Heading to Glastonbury this weekend? Here are 8 tips for keeping your tent cool in the hot weather

This year’s festival is set to be a scorcher.

Over the last few weeks, eagle-eyed Glastonbury goers have been feverishly checking the weather app to see if this year’s event is going to be a washout.

But as we get closer to the big day, forecasters are predicting we could be heading for the hottest Glastonbury on record, with temperatures expected to remain in the glorious mid to high-20s throughout the weekend.

On Friday, it could even get as hot as 31C.

Glastonbury Festival 2017 – Day 1
Temperatures are set to be hot and humid in Pilton this weekend (Ben Birchall/PA)

It’s great news if you’re planning to stay out and party until the sun comes up, but not so great if you’re wanting to get some decent shut-eye over the weekend so you can feel fresh for your favourite bands.

Everyone knows that when the weather’s hot, there’s nothing worse than waking up in a hot tent with the sun beating down on you, feeling like you’re being baked alive.

Fortunately, we’ve found some simple hacks for keeping your tent cool over the weekend. It’s all about preparation, guys…

1. Invest in a battery-powered fan

We can’t stress this enough. When you’re trying to sleep in a roasting hot tent, a little blast of breeze can make the whole experience so much more pleasant.

A battery powered fan won’t break the bank (you can buy them for as little as £10), but could be your best friend when it’s feeling stuffy in the mornings.

2. Remove the rain guard from your tent

When you’re camping in the summer heat, you want to be sleeping in as few layers as possible. Rain guards come with most tents and are essential for keeping the main chamber dry in downpours, but they’re often quite thick and can trap heat.

With the weekend set to be dry, you likely won’t need it. Remove the rain fly and store it in the tent bag – you can always peg it back on if the weather takes a turn.

3. Tape survival blankets to your tent

Foil survival blankets (the ones you see athletes wearing at the end of a race) are great for reflecting the sun away from your tent, keeping the temperature down inside.

Pack a few in your kit and duct tape them tightly to the outside of your tent to create a reflective shell that bounces the sun’s rays away from you.

4. Take a thin sleeping bag


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That duck down sleeping bag might feel cosy in freezing temperatures, but you’ll be dying to kick it off in hot weather.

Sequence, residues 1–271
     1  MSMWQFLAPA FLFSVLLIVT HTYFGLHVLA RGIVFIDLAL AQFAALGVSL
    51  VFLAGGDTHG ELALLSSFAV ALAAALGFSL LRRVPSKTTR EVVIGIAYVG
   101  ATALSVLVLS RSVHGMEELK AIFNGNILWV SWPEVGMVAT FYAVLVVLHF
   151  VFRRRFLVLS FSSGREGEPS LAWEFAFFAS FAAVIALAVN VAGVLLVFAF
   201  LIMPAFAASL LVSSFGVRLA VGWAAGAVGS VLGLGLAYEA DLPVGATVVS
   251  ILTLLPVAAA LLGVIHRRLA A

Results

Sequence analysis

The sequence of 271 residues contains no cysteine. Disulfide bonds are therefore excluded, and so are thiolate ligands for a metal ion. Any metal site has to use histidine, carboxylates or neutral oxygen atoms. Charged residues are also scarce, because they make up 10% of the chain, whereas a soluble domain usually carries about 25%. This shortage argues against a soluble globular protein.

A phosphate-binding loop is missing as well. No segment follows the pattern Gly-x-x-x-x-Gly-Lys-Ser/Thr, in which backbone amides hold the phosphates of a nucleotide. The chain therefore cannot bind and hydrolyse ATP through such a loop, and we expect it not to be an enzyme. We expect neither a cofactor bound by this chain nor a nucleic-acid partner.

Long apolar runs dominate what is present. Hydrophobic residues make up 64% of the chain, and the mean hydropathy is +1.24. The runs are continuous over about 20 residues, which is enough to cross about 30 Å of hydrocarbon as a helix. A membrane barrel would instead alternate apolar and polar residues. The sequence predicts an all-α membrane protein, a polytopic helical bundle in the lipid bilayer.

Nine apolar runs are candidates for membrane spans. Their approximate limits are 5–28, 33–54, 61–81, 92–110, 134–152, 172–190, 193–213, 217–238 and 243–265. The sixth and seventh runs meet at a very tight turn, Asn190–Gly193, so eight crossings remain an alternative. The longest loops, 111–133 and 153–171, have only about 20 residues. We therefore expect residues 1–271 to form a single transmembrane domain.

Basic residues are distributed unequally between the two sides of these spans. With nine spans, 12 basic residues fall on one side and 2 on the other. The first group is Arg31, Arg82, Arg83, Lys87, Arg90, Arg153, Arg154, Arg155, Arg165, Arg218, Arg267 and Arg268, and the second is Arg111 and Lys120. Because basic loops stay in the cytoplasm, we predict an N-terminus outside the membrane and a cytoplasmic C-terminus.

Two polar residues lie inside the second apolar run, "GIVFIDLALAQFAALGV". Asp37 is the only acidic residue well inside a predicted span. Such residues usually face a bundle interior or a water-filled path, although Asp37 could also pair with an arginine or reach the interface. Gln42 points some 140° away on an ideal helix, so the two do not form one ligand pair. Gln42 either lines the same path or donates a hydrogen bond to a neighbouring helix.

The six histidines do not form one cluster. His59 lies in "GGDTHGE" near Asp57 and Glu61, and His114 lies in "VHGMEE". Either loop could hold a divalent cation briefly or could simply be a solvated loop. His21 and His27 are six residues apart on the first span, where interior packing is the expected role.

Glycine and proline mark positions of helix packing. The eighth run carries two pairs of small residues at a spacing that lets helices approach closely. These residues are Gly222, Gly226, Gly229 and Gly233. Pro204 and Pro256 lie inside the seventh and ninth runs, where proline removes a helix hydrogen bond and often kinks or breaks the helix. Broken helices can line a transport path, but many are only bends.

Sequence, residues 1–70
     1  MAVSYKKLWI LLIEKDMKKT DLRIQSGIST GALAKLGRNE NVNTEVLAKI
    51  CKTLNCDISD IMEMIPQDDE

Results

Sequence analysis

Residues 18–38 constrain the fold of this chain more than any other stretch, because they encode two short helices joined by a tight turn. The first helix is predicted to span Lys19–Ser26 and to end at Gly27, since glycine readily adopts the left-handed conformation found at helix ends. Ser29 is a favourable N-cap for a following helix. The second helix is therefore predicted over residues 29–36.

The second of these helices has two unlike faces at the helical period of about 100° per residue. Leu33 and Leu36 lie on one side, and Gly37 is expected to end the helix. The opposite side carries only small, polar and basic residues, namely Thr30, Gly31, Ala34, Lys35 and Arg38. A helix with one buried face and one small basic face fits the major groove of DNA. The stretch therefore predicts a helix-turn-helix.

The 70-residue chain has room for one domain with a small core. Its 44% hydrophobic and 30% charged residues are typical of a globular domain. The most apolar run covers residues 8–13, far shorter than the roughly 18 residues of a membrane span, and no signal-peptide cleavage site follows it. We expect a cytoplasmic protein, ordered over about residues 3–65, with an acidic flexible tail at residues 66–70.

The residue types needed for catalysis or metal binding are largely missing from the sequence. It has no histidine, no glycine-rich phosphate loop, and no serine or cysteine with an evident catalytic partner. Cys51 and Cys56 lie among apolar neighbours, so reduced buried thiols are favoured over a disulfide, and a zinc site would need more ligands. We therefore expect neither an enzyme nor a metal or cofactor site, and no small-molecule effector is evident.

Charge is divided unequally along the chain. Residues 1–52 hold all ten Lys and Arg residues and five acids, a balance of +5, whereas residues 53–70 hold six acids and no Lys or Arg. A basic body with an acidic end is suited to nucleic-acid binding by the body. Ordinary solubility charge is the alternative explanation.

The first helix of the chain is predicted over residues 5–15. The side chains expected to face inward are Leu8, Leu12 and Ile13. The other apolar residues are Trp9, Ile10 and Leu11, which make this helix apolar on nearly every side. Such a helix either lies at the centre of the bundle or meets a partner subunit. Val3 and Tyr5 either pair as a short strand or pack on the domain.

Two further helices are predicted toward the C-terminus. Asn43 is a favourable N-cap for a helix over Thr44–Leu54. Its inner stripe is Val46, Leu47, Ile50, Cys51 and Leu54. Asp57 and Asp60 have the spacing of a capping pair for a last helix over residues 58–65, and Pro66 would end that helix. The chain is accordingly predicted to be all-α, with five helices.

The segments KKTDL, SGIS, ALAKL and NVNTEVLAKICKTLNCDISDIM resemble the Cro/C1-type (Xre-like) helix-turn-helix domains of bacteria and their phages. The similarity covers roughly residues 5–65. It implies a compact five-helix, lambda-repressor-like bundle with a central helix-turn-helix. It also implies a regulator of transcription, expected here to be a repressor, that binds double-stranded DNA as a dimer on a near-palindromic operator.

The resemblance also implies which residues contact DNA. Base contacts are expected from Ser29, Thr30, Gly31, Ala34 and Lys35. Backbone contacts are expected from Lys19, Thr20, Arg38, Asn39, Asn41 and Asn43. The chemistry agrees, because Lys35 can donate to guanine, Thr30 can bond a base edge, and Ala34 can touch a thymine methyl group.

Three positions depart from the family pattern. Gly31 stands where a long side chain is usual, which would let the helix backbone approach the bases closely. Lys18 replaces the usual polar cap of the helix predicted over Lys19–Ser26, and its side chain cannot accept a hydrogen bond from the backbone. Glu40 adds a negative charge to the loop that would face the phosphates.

Think of investing in a lighter sleeping bag and a silk-lined sleeping bag liner, for keeping your body cool in the heat.

5. Try and find some shade

Patches of shade are like gold dust in Glastonbury. While they are few and far between, there are a few areas where you can find some respite from the sun.

Look out for trees, bushes and hedges where you can pitch your tent – these shady spots are sure to be snapped up fast though so arrive early.

6. Bring some hay fever tablets


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Daily essentials at the moment 😟🤧🥵 #hayfever #pollenallergy #piriteze #gsk #sneeze #itcyeyes #itsucks

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Hot weather can raise the pollen count, making hay fever symptoms – like sniffing and sneezing – worse and adding to the frustration of struggling to sleep in the heat.

Make sure to pack some antihistamines so your weekend won’t be ruined by watching the music through red and watery eyes.

7. Sleep with just the mesh lining


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Camping @ Folly Farm 🏕 #camping #campsite #cotswolds #FollyFarm #vango #nature #getoutoftown #follyfarmcamping #ukcamping #tent

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Most tents have a mesh mosquito panel as well as a fabric door.

If you don’t mind people being able to see inside your tent at night, zip away and roll up the door and just sleep with the mosquito panel zipped on instead. You’ll have better air circulation in your tent that way.

8. Invest in an insulated bottle


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If you wake up in the night gasping for a drink, you don’t want to be reaching for a tepid bottle of water that’s been warming in your tent during the day.

Make sure you have an insulated water bottle that can keep cold liquids cool for 24 hours. That way, you’ll always have access to chilled water for drinking or splashing on your face when the weather gets too much.